Last week I went oop north to discuss decision making with people. We talked about Bayesian decision analysis too. And as is my wont, I thought “can this apply to RPGs?”
Because RPGs involve constant decision making as individuals and groups. That’s often the point, it’s where conflict arises, and the decision-action-feedback cycle is where a lot of the satisfaction comes from participating in a RPG.
Take the principle that internal decision making is at base perfect and entirely internal, uncoloured by analysis or communication. But it’s also based on individual rational belief.
Then you move into the realm of the irrational. Heuristics and biases. System 1 thinking is fast and intuitive and how many people make decisions, System 2 is slow and formalised. And analysts (psychoanalysts, or GMs) help the individual formalise System 1 to System 2, making internal decisions explicit in the context of system.
But at this stage we’re talking about a 1-2-1 relationship between GM and player. More often than not the GM acts as interpreter for the internal decisions of the player on behalf of their PC. The ideal state for a gaming group is a group discussion and group decision making, but frequently it devolves into many player-GM conversations. Some GMs actively encourage this behaviour (secret side meetings, passing notes, etc.) and some players lap this up and deviate from the group arc into their own. This goes hand-in-hand with My Guy Syndrome:
you disclaim decision-making power and responsibility by acting like “what my character would do” is inevitable and inviolable, even if it gets in the way of actually having fun in the game or being able to play the game at all.
My Guy Syndrome is the killer of fun; players who engage in that behaviour are rightly shunned.
But, maybe we shouldn’t be too harsh because the reason they’re disclaiming decision-making power is precisely because group decision-making is hard, and furthermore there is no rational model of group decision making. OTOH My Guy is making perfectly rational, internal decisions.
And the way to overcome this — surprise, surprise — is changing the GM from a rational analyst role into a social facilitator role. Treat group decision making like a social problem rather than a rational problem to navigate around individual biases, etc. There are still issues of governance and process (e.g. do you have permission to make that move at this time) and values and uncertainty (when I make that move, what outcome is reasonable to expect — and will an unreasonable outcome spoil the game?)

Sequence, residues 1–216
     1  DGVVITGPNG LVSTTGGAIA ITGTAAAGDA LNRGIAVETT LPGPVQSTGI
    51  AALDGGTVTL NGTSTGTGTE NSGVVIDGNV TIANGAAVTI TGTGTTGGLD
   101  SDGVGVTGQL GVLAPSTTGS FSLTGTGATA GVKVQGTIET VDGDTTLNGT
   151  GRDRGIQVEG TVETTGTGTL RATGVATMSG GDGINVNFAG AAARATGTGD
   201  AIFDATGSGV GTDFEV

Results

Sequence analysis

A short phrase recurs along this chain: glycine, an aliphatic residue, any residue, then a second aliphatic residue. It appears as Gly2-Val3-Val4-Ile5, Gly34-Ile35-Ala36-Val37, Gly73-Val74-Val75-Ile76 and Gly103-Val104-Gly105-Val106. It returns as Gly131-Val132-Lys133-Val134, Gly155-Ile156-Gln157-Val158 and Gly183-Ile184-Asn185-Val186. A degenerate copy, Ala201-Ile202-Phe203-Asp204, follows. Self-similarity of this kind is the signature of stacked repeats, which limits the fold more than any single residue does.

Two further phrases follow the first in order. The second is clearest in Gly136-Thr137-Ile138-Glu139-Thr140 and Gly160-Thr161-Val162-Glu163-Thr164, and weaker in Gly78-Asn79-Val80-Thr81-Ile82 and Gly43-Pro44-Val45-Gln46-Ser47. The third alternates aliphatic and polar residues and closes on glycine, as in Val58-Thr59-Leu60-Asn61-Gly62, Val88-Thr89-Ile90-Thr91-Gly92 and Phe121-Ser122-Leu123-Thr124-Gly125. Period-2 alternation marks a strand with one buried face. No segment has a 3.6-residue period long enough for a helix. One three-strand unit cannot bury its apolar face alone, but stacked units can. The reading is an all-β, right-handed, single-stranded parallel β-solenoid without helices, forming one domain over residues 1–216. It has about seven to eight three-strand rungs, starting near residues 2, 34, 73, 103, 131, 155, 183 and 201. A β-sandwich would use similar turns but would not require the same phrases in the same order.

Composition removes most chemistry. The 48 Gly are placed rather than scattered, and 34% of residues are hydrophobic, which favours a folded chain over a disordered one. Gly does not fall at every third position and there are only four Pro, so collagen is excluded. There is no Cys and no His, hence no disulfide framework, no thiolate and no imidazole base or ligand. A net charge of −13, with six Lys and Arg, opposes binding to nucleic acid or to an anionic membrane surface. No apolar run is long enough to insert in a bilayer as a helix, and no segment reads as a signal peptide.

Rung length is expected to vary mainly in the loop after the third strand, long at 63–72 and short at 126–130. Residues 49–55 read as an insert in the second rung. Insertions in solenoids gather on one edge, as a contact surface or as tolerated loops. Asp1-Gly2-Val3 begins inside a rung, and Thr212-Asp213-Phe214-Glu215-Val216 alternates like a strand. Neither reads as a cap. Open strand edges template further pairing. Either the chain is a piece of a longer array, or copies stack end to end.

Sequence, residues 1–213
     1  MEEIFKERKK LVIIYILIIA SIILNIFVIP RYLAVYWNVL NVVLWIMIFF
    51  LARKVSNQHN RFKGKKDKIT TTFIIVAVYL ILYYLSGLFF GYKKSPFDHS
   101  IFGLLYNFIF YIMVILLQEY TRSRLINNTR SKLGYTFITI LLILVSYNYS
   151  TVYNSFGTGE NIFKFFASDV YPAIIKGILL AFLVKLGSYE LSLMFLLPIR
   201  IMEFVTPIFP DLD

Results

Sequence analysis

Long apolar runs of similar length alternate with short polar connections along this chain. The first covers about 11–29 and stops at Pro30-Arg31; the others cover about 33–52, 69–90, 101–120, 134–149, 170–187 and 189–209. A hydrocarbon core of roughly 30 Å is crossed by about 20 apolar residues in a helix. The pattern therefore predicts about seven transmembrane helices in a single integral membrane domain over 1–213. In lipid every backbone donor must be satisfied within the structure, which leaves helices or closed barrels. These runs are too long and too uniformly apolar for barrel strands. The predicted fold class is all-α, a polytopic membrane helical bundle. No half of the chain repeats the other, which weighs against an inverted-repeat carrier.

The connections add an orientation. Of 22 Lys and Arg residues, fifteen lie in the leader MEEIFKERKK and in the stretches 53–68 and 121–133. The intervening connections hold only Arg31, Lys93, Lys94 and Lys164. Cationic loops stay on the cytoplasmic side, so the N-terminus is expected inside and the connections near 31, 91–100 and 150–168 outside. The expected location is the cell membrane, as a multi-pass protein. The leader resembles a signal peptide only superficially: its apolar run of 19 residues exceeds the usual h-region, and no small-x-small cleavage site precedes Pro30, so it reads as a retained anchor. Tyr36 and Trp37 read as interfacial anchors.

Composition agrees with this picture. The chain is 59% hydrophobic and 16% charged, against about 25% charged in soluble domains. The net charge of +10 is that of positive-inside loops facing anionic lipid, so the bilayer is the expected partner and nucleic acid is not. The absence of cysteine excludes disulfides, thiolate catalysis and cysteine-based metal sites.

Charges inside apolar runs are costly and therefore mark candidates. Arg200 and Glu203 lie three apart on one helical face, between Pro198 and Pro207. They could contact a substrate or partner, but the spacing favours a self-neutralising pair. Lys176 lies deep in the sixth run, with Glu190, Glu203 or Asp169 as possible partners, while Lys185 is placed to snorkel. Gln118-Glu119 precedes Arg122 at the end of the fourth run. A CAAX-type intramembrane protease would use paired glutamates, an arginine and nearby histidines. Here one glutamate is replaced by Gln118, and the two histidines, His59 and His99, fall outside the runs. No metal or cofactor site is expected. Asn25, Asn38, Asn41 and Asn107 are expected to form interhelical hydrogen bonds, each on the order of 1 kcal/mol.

This will be all very obvious to anyone who has GM’d a game. But these are my points:
One: “How To GM” is tacit knowledge
People learn how to do the social facilitation by doing, despite the glut of advice on how to interact socially. GMing arises from contextual experience. Also GMing is like any other skill — you need 10,000 hours of experience to call yourself an “expert”.
Two: The GM is a decision-maker
Simply this: the GM doesn’t just facilitate a conversation, they also make decisions (on behalf of the game world) and react to player action. So the GM is also bound by System 1 and System 2 thinking. In this context:
- System 1 (intuitive) thinking is GM gut feel and calls based on experience and observation on how the game is going and what fits the situation. E.g. player voices action, GM asks for an attribute check and interprets the results (as yes/no/maybe).
- System 2 (formalised) thinking is the GM interpreting the game in the context of a rules framework, and basing a response on the rules. E.g. player voices action, GM places that in a system context with pass/fail thresholds and consequences, player rolls, GM enforces outcome.
Now, going back to point 1: when people learn to GM they frequently learn to take those decisions intuitively, developing their intuitive sense of how to run games. Learning the explicit, rules-laden aspects of GMing anything crunchy is almost a separate skill.
Three: Apocalypse World makes everything System 2 Thinking
The difference between Apocalypse World and Everway is that AW forces both players and GM into System 2 decision making all the time (or forces the GM to force the players into System 2) by forcing all consequential actions to be codified as moves. It gets away with this because the number of choices is relatively small and the moves have consequences baked in, so the decisions for the GM are simpler to make — but still, the GM’s response will always be in the context of the Moves’ outcome or as one of the codified MC Moves.
Compare that with Everway and other fairly minimalist or freeform games: Everway’s Karma, Drama and even Fortune resolutions are pretty much intuitive, based on principles and value expectations.
Four: Is “Social Contract” enough?
But the problem with the social contract is the assumption of consensus. We’ve already said that group decision making is non-trivial and rational group decision making doesn’t exist. This means that the Social Contract, Creative Agenda and other items are already facilitated objects, reliant on the facilitator to reach group consensus.
This formalising and externalising of system is common to a lot of storygames. But in this case it often works because:
- scenes are between two players, both with their perfect internal decision-making, and all that matters is the conflict between their decisions, not the decision process
- also, scenes are often about vocalising options and getting consensus between two characters; the process of translating your System 1 thoughts to System 2 is part of the game
- Character biases are… sort of the whole point of storygame interactions.
Whew, that’s probably enough academic noodling for one post. TTFN.